Losing someone you thought would always be in your life can be devastating.
But friendship breakups are inevitable, and we need to learn how to deal with them in healthy ways.
We often assume that friendships will last forever. Because we don't view the loss of a friendship as normal, it feels like we have failed and should be ashamed of it.
But that is not true. Friendships sometimes aren't meant to be, and maintaining them can be unhealthy.
To the brain, a breakup is a breakup. The feelings tied up in a friendship is profound, and the loss thereof can cause some people to wrestle through stages of grief.
Be honest with other people in your life about what you're going through.
With a romantic partner, you will usually have a breakup conversation. But the nature of a friendship makes it hard to make it final.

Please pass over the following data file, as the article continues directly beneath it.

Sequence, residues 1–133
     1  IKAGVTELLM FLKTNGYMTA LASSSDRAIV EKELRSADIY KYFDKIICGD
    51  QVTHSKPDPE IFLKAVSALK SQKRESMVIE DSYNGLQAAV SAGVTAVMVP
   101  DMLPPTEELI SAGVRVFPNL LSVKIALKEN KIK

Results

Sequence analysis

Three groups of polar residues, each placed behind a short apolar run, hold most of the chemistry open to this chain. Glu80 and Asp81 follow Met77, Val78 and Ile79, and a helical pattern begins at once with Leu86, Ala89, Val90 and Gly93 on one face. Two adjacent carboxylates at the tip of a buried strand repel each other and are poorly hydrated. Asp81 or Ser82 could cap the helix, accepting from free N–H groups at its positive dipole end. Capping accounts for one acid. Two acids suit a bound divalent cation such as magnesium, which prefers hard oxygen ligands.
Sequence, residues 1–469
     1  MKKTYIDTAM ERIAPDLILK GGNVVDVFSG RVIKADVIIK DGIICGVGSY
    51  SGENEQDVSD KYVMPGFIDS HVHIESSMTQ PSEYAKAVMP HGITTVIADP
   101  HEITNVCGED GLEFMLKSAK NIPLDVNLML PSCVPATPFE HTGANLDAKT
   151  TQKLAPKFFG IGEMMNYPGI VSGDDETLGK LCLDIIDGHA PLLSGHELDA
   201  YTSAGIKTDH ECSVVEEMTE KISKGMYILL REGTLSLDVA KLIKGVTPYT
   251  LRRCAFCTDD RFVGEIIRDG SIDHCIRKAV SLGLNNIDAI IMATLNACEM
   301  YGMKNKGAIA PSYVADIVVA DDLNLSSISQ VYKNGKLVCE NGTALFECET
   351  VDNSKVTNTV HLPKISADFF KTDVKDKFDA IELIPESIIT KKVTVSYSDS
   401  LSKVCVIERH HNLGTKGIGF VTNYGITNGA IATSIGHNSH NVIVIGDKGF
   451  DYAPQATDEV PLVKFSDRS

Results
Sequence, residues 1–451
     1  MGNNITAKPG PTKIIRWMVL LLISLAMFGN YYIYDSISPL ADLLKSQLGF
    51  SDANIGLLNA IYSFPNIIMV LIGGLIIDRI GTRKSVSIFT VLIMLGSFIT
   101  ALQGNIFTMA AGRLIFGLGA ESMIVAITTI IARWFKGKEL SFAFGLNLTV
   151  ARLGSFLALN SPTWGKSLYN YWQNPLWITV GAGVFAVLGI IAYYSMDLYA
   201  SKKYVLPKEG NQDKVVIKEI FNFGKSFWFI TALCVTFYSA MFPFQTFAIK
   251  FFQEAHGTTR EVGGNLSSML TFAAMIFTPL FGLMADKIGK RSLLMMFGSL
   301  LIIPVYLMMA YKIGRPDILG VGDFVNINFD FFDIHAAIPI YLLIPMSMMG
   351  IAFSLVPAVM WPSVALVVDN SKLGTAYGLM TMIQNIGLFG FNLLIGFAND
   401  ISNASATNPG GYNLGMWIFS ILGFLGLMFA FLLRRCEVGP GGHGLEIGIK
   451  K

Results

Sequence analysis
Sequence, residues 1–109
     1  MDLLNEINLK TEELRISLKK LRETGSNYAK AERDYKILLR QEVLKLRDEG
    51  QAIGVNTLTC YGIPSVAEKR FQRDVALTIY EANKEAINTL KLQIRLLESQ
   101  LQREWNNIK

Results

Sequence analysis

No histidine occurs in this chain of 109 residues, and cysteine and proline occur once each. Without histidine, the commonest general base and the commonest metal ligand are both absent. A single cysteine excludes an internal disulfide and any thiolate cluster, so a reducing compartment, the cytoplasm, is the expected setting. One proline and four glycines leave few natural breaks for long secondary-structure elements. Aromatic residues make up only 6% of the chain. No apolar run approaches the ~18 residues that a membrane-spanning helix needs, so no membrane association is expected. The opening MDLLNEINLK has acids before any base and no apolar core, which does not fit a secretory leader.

Diagnosing what went wrong and how is it affecting you can be helpful. Then try to get clarity from your friend to gain a sense of closure. If a friendship ended badly, you may have to accept that you won't get a final conversation. Try to stop rehashing what you should have said and done. If you did something wrong, you need to apologise.
Once you understand the impact of the breakup on your life, then you can treat it appropriately. It might mean talking through things with someone you trust or giving yourself space to grieve.
To help you move on, use the language of gratitude that puts the relationship in the past tense. "I'm so thankful they were in my life during that season."
A concern that comes with a friendship breakup is how it will affect your wider group of friends.
The loss of a friend should not make you feel unworthy.
We often find our identity in our friends. When a friendship is over, we may lose that sense of belonging and acceptance. This is all the more reason to find a sense of self-worth that is innate.
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